Mr. Richard Waverley that his son should travel, The list of the beauties who displayed their under the direction of his present tutor, Mr. hebdomadal finery at the parish church of Pembroke, with a suitable allowance from the Waverley was neither numerous nor select. By Baronet's liberality. The father himself saw no far the most passable was Miss Sissly, or, as she objection to this overture; but upon mentioning rather chose to be called, Miss Cecilia Stubbs, it casually at the table of the Minister, the great daughter of Squire Stubbs at the Grange. Í man looked grave. The reason was explained know not whether it was by the 'merest accident in private. The unhappy turn of Sir Everard's in the world,' a phrase which, from female lips, politics, the Minister observed, was such as does not always exclude malice prepense, or would render it highly improper that a young whether it was from a conformity of taste, that gentleman of such hopeful prospects should Miss Cecilia more than once crossed Edward in travel on the Continent with a tutor doubtless his favourite walks through Waverley-Chase. of his uncle's choosing, and directing his course He had not as yet assumed courage to accost | by his instructions. What might Mr. Edward her on these occasions ; but the meeting was Waverley's society be at Paris, what at Rome, not without its effect. A romantic lover is a

where all manner of snares were spread by the strange idolater, who sometimes cares not out | Pretender and his sons-these were points for of what log he frames the object of his adora- Mr. Waverley to consider. This he could himtion ; at least, if nature has given that object self say, that he knew his Majesty had such a any passable proportion of personal charms, he just sense of Mr. Richard Waverley's merits, can easily play the Jeweller and Dervise in that if his son adopted the army for a few years, the Oriental tale,* and supply her richly, a troop, he believed, might be reckoned upon in out of the stores of his own imagination, with one of the dragoon regiments lately returned

from Flanders. See Hoppner's Tale of The Seven Lovers.

A hint thus conveyed and enforced was not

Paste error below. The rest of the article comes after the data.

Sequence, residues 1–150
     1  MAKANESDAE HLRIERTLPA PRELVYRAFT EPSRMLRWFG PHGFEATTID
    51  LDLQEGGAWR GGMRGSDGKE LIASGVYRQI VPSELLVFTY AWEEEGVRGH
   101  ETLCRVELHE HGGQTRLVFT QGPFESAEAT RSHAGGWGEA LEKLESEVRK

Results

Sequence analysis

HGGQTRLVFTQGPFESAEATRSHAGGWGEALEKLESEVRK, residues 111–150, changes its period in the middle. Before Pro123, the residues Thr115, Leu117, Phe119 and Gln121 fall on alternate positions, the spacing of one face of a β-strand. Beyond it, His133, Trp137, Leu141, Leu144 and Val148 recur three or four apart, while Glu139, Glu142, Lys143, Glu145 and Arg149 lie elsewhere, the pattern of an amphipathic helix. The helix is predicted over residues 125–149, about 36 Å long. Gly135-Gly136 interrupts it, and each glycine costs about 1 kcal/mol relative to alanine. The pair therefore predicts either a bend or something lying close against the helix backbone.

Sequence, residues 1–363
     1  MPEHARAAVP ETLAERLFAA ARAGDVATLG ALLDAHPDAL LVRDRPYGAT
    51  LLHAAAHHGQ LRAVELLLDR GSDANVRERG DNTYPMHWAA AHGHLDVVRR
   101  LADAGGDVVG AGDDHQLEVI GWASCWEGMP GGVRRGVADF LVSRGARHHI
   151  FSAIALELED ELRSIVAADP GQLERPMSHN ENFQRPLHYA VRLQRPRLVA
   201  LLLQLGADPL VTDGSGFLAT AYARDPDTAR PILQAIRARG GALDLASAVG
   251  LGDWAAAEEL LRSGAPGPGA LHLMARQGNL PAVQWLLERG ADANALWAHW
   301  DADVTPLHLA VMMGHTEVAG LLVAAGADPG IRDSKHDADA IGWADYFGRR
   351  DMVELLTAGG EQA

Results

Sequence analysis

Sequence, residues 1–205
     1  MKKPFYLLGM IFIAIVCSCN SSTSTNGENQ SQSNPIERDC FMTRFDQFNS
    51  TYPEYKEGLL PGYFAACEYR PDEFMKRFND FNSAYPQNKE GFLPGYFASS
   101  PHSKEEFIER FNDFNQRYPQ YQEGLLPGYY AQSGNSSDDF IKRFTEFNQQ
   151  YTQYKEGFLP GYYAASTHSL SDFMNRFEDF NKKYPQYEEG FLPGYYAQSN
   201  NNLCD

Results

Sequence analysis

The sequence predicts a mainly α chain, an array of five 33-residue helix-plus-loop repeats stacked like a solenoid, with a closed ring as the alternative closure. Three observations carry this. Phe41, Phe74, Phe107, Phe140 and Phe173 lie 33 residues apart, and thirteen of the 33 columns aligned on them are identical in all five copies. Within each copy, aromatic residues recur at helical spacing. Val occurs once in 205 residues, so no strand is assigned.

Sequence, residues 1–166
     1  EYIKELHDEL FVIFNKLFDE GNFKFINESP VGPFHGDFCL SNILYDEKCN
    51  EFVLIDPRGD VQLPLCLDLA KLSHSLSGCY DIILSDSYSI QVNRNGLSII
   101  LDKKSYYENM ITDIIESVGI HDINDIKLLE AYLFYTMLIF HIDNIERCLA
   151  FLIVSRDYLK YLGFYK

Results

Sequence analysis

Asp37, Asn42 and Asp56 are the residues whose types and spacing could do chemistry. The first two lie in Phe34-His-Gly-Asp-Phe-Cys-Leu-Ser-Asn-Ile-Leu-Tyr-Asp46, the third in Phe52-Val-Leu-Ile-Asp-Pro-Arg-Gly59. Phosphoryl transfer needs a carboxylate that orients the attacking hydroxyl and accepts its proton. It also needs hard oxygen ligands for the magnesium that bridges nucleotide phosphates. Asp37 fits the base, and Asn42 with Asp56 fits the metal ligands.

to be neglected with impunity; and Richard | solicitor and ordinary counsel who conducted Waverley, though with great dread of shocking the defence of some of these unfortunate gentlehis brother's prejudices, deemed he could not men at their trial. It was generally supposed, avoid accepting the commission thus offered him however, that had ministers possessed any real for his son. The truth is, he calculated much, proof of Sir Everard's accession to the rebellion, and justly, upon Sir Everard's fondness for he either would not have ventured thus to brave Edward, which made him unlikely to resent the existing government, or at least would not any step that he might take in due submission have done so with impunity. The feelings which to parental authority. Two letters announced then dictated his proceedings were those of a this determination to the Baronet and his young man, and at an agitating period. Since nephew. The latter barely communicated the that time Sir Everard's jacobitism had been fact, and pointed out the necessary preparation gradually decaying, like a fire which burns out for joining his regiment. To his brother, Richard for want of fuel. His Tory and High-Church was more diffuse and circuitous. He coincided principles were kept up by some occasional with him in the most flattering manner, in the exercise at elections and quarter-sessions ; but propriety of his son's seeing a little more of those respecting hereditary right were fallen the world, and was even humble in expressions into a sort of abeyance. Yet it jarred severely of gratitude for his proposed assistance ; was, upon his feelings, that his nephew should go however, deeply concerned that it was now, un- into the army under the Brunswick dynasty; fortunately, not in Edward's power exactly to and the more so, as, independent of his high comply with the plan which had been chalked and conscientious ideas of paternal authority, it out by his best friend and benefactor. He him- was impossible, or at least highly imprudent, to self had thought with pain on the boy's inactivity, interfere authoritatively to prevent it. This sup; at an age when all his ancestors had borne arms; pressed vexation gave rise to many poohs and even Royalty itself had deigned to inquire whether pshaws, which were placed to the account of an young Waverley was not now in Flanders, at an incipient fit of gout, until, having sent for the age when his grandfather was already bleeding Army List, the worthy Baronet consoled himself for his king in the Great Civil War. This was with reckoning the descendants of the houses of accompanied by an offer of a troop of horse. genuine loyalty — Mordaunts, Granvilles, and What could he do? There was no time to con- Stanleys, whose names were to be found in that sult his brother's inclinations, even if he could military record; and calling up all his feelings have conceived there might be objections on his of family grandeur and warlike glory, he conpart to his nephew's following the glorious career cluded, with logic something like Falstaff's, that of his predecessors. And, in short, that Edward when war was at hand, although it were shame was now (the intermediate steps of cornet and to be on any side but one, it were worse shame lieutenant being overleapt with great agility) to be idle than to be on the worst side, though Captain Waverley of Gardiner's regiment of blacker than usurpation could make it. As for dragoons, which he must join in their quarters Aunt Rachel, her scheme had not exactly terat Dundee in Scotland, in the course of a minated according to her wishes, but she was month.